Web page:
In her novel Written on the Body, Jeanette Winterson presents an ideal way in which a woman's body should be viewed: as land to be explored by her partner. In contrast, I believe texts written by authors from colonized countries will show a corrupt way to view the female body. Just as Africa - often described as a female body - has been colonized, I believe that African literature will reveal a similar kind of colonization in the form of a man possessing the female body. By reading African literature, I will trace this metaphor and compare it to Winterson's model.

250 Word Abstract

Two Page Project Description

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Regina Fuller

From Slavery to Exclusion: Perceptions of African Identity in the Dominican Republic and Brazil

fullerbig

During the period of exploration, both the Dominican Republic and Brazil were colonized in similar ways: sugar plantation economy, introduction of millions of African slaves, and racial hierarchies. Because of the lack of female Europeans, many Europeans reproduced with their African slaves, making a mulato or mixed class of people. In present day Brazil and Dominican Republic, mulato people, people of mixed races, compose the majority of the population, with most people having some African ancestry. Despite their similar ancestries, Brazilians and Dominicans both deny their African heritage and African influence in their present day cultures. My research seeks to explain why Dominicans and Brazilians reject their African identity.

250 Word Abstract

Two Page Project Description

Wofford Newsroom Article

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Ben Dunlap

Cultural Notes: The World Music Experience

dunlapbig

What do Japan, Nigeria, and the American South from the 1920s to the present have in common? Not a whole lot, but I can add another to the list after this project is finished. Each place has a musical culture that could fill volumes of description and each has specific musical qualities that can be expressed easily. This projects searches for those qualities in Japanese Kabuki Music, African Tribal Drumming, and American Jazz and explores how these ideas can be combined to create a multicultural musical composition that exemplifies and celebrates their unity.

250 Word Abstract

Two Page Project Description

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Jay Carlson

Dialectic and Disagreement: Bernard Lonergan in 20th and 21st Century Epistemology

carlsonbig

Philosophers have traditionally thought that knowledge could be obtained independent of what else a subject knows. A subject can obtain knowledge of something without appealing to their pre-theoretical prejudices or gathering empirical data. In the 20th century, such a conception of the theory of knowledge has sustained heavy criticism, leading to several alternative approaches to knowledge being proposed. My project will examine the possible synthesis of the traditions of W.V.O. Quine and Hans-Georg Gadamer in the critical realist approach of Bernard Lonergan.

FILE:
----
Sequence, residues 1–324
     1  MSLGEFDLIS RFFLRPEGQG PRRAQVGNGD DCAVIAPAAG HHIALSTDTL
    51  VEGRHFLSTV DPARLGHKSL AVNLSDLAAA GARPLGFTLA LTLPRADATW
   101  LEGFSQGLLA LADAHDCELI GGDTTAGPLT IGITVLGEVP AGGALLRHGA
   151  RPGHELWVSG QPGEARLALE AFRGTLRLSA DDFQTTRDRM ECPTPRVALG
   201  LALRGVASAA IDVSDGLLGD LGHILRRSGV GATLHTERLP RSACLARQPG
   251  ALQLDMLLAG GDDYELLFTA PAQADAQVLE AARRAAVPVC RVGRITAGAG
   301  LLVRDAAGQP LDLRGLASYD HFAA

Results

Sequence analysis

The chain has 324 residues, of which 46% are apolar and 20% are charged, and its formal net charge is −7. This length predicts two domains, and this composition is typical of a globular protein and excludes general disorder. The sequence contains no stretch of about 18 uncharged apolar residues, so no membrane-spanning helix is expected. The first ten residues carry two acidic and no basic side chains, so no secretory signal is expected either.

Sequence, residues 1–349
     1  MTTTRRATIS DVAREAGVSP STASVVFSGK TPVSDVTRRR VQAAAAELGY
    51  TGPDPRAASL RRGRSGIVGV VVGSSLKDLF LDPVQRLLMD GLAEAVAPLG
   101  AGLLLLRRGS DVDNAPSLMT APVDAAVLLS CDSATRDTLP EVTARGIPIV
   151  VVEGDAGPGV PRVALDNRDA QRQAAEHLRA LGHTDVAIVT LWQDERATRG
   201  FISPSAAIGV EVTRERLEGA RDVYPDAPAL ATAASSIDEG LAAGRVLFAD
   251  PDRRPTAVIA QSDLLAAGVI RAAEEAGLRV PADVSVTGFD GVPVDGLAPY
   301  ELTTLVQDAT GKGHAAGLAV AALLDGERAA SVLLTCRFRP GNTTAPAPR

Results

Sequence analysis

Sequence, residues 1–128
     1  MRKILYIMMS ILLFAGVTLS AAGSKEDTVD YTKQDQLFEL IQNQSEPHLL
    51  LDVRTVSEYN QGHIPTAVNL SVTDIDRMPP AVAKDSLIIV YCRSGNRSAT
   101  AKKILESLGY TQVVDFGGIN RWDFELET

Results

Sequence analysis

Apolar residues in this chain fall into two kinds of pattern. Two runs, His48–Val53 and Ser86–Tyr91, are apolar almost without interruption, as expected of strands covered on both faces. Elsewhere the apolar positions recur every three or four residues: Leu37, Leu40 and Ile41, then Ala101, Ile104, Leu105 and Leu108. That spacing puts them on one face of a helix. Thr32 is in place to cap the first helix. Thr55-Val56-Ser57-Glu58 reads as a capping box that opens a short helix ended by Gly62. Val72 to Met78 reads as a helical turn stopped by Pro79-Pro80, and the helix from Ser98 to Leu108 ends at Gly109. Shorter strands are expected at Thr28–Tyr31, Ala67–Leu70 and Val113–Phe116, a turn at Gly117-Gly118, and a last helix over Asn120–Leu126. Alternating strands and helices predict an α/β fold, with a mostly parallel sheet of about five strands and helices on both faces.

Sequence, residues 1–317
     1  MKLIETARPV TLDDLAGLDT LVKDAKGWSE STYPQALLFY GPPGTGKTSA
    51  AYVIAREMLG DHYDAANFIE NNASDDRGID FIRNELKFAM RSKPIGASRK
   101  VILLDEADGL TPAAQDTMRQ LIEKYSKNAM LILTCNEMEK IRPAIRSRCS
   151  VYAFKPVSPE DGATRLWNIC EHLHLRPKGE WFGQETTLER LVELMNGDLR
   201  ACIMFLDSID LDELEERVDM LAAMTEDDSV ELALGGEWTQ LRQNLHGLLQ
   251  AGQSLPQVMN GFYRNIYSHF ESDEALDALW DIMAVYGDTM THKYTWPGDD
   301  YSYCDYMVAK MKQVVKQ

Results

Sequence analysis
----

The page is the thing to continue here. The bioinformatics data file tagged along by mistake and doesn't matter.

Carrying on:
250 Word Abstract

Two Page Project Description

Wofford Newsroom Article

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Jennifer Finley

Eben Taylor: A Gentle Spirit of Love and Justice

finleybig

I'm researching the life of the late Rev. Eben Taylor, a Wofford alumnus said to be "the social conscience of South Carolina Methodism." He spoke out on behalf of those who had little support, standing up for people he believed weren't being treated fairly. Eben cared deeply about workers' rights, uniting the Methodist church, achieving equality for all, and had a passion for civil rights. Through his words and actions, he advocated love and justice and fought racism. He was also a beloved friend and mentor to me. I intend to show how Eben truly lived the teachings of Christ.

250 Word Abstract

Two Page Project Description

Wofford Newsroom Article

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Karen Goodchild

Giorgio Vasari's Understanding of Landscape Painting

goodchildbig

Giorgio Vasari's Lives of the Artists is the single-longest text on art from the 16th century. Though Vasari has been studied extensively, no one has analyzed the Lives to discover his attitude towards the then-nascent genre of landscape painting. I will examine the text to find what Vasari thought the purpose of landscape painting was, what sorts of artists he thought excelled at it, and what he thought was properly included in it. What emerges from this study will not only add to our knowledge of landscape painting, but will alter the way we view 16th century art theory.

250 Word Abstract

Two Page Project Description

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Cissy Fowler

Indigenous Fire Management in the Monsoonal Tropics

fowlerbig

My plan is to write an ethnography about indigenous fire management in Kodi (Sumba, Eastern Indonesia). Theoretically, I am interested in knowledge production, and links between human perceptions and behavior. Technical data about burning and vegetation will enable me to assess the impact of cultural fires on vegetation in the dry monsoonal tropics. The ethnography consists of numerous short stories about real people involved in specific fire incidents. The stories that make up this ethnography work together to build a set of lessons about and to illustrate patterns in anthropogenic fires on post-colonial Sumba.

250 Word Abstract

Two Page Project Description

Wofford Newsroom Article

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Camille Bethea

Is It Really a Dog Eat Dog World?: Women and the Game of Power in Mexican Fiction

betheabig